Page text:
After watching a particularly scary horror movie, some struggle to sleep with the light off. Perhaps it was a similar terror at work that led to Wednesday’s goalless 120 minutes between Argentina and the Netherlands in the World Cup’s second semi-final.
Both teams would have witnessed the extraordinary events of the previous evening in which Germany put seven past Brazil and irreparably damaged a nation’s sense of self-worth in the process. That capitulation ensured that, 24 hours on, there would not be the wide open and free-flowing contest between World Cup heavyweights that we might have hoped for.
Neither was it a tactical chess lesson from self-appointed grand master Louis van Gaal, exposing counterpart Alejandro Sabella for the underwhelming puppet he is purported to be. While Van Gaal can take the credit for everything from diving headers and last-minute escapes to opposition penalty saves, Sabella is seen rather differently.
Every moment of Lionel Messi magic is regarded as further confirmation that Sabella’s role is little more influential than the supporter on their sofa. At the mercy of Messi’s whims, the coach has the passive role on the bench with the star man as the team’s on-field director.
Up until the last four, it was a view not without substance with Sabella enjoying little faith from fans in his homeland. He was accused of paralysis with like-for-like substitutions and delayed changes that were indicative of uncertainty when games were delicately poised. Rodrigo Palacio for Ezequiel Lavezzi was his only interjection through 105 goalless minutes against Switzerland.
But be careful with set narratives. While the Sao Paulo semi-final was a tense and tight affair, it was also a tick in the box for Sabella. In its own way, the performance offered the most convincing evidence yet that Argentina have developed the qualities needed to become worthy World Cup winners at the weekend.
Tightly marked for over an hour by Nigel de Jong, Messi found space elusive throughout and one dazzling late run aside was unable to carve out the openings. He failed to touch the ball once in the Dutch area but that didn’t prevent Argentina from causing the greater tactical problems for their opponents, exposing the space behind wing-back Daley Blind time and again in the first half.
At the other end, there were few such difficulties as Argentina looked defensively solid. Javier Mascherano’s impressive screening job protected his centre-backs and prevented Arjen Robben from getting on the ball for large periods of the match - he had just six touches in the first 45 minutes and attempted one solitary pass.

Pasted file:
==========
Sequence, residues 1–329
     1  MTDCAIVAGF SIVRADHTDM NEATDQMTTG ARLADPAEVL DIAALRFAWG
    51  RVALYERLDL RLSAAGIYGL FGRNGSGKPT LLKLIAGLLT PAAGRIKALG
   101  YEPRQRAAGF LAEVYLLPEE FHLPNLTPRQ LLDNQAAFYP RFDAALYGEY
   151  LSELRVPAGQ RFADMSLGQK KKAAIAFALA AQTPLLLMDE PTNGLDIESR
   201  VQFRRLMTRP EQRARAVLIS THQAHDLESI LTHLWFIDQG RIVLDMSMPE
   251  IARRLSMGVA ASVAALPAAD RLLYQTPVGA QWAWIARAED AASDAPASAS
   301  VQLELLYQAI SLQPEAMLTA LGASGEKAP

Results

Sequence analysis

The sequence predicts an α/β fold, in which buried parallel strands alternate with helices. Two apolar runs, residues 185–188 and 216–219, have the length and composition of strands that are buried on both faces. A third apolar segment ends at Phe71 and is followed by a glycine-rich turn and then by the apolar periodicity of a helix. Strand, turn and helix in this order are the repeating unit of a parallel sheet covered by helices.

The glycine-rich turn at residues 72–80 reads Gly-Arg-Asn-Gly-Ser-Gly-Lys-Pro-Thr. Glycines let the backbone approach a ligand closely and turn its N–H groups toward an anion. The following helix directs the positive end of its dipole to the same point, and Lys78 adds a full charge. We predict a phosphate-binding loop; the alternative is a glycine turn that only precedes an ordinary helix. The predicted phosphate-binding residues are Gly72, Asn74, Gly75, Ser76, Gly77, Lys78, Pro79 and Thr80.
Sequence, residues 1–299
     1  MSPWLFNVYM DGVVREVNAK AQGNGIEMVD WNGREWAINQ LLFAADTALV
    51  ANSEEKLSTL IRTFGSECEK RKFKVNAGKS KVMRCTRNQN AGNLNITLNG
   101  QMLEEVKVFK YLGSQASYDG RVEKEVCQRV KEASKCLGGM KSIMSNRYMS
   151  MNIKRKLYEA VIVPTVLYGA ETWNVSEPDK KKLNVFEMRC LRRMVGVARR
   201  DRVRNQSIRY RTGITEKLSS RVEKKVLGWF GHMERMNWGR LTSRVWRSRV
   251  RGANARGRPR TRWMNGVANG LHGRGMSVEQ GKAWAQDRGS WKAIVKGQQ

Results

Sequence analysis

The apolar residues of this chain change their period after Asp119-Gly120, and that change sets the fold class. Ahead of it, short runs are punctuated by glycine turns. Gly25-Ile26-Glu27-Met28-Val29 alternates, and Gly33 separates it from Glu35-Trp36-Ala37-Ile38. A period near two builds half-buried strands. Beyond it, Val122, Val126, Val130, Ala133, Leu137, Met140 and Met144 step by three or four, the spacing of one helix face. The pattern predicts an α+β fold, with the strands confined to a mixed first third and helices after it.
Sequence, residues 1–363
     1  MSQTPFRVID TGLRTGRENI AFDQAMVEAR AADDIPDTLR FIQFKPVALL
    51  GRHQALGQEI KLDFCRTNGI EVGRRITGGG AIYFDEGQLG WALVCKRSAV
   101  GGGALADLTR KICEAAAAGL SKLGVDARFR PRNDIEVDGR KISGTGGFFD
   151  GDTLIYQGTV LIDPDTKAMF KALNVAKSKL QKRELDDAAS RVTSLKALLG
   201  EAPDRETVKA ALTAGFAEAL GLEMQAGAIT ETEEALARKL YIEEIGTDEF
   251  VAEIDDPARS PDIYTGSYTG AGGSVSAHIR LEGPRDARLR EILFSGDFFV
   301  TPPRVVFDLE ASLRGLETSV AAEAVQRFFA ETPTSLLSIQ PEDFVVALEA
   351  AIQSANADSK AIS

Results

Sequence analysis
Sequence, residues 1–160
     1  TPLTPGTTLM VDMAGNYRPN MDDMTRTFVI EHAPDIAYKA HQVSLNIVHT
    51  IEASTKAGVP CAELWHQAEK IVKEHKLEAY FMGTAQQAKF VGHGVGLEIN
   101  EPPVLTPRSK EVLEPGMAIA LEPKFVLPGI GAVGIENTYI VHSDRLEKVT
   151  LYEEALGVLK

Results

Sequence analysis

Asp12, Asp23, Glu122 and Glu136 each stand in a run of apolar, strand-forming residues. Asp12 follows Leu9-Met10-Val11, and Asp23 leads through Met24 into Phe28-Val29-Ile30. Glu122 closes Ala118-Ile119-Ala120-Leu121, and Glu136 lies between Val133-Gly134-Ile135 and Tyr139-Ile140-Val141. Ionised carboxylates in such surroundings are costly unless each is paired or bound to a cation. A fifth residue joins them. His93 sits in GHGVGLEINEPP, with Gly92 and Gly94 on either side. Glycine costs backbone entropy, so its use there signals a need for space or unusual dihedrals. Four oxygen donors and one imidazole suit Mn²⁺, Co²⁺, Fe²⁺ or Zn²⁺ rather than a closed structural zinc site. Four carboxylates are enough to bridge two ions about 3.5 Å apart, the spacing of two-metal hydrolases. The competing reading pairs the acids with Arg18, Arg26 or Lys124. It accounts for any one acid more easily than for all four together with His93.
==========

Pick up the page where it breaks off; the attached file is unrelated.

The organisation that brought that about is a reflection of how Sabella’s side have improved defensively as the tournament has progressed. Lucas Biglia has shown greater awareness of danger than Fernando Gago, while the experience of Martin Demichelis has been a factor since he replaced Federico Fernandez.
With Sergio Aguero only just returning to fitness and Angel Di Maria still out through injury, there have been unwelcome disruption further forwards so this defensive solidity has been essential to Argentina’s progress. They go into the final on a run of six hours without conceding a goal, having kept four clean sheets in six matches.
Indeed, the only goals they have let in were a late consolation for Bosnia and Herzegovina in their opening match and two equalisers against Nigeria in a game where they’d already qualified, needed only a draw to top the group and ended up winning anyway.
Encouragingly for Argentina, their progress has been reminiscent of Spain four years ago. The 2010 winners finished with an 8-2 goalscoring record and negotiated the knockouts with four consecutive 1-0 wins. Argentina currently have an 8-3 record and the chance to become the first World Cup winners since West Germany at Italia ’90 to do so without ever falling behind in a match.
Of course, that defensive resolve will be challenged against a Germany side that have scored more goals en route to the final than any eventual champion since they themselves won it in 1954. They will undoubtedly be favourites after the dissection of Brazil. Over-confident even? Sabella certainly seems happy to play up the underdogs tag.
“Some of our players are sore, beaten, tired - the results of a war, so to speak,” he told reporters after the penalty shootout win. “We have a final to play, with one day less to prepare and against a team like Germany. The match is extremely difficult.
“The Germany game was decided in the first 45 minutes, so they could ease off in the second half, whereas we had to spend all the effort, and every last drop of sweat to reach the World Cup final.”
After what they did to Brazil, Germany will be expected to complete the coronation on Sunday. But Argentina are now a well-organised team with a genuine great of the game in their ranks. Joachim Low’s side might take the plaudits as the outstanding outfit of this World Cup. Sabella will settle for the trophy.